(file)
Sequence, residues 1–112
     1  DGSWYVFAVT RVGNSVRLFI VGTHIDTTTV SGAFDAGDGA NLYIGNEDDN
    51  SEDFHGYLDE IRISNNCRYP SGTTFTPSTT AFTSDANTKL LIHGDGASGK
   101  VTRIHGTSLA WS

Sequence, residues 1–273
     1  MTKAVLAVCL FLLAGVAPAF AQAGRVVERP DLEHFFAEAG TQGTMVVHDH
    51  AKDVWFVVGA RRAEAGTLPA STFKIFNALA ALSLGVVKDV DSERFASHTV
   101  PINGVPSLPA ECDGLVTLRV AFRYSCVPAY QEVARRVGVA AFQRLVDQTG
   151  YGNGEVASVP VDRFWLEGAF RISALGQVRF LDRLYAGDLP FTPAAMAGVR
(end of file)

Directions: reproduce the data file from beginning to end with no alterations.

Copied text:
Sequence, residues 1–112
     1  DGSWYVFAVT RVGNSVRLFI VGTHIDTTTV SGAFDAGDGA NLYIGNEDDN
    51  SEDFHGYLDE IRISNNCRYP SGTTFTPSTT AFTSDANTKL LIHGDGASGK
   101  VTRIHGTSLA WS

Sequence, residues 1–273
     1  MTKAVLAVCL FLLAGVAPAF AQAGRVVERP DLEHFFAEAG TQGTMVVHDH
    51  AKDVWFVVGA RRAEAGTLPA STFKIFNALA ALSLGVVKDV DSERFASHTV
   101  PINGVPSLPA ECDGLVTLRV AFRYSCVPAY QEVARRVGVA AFQRLVDQTG
   151  YGNGEVASVP VDRFWLEGAF RISALGQVRF LDRLYAGDLP FTPAAMAGVR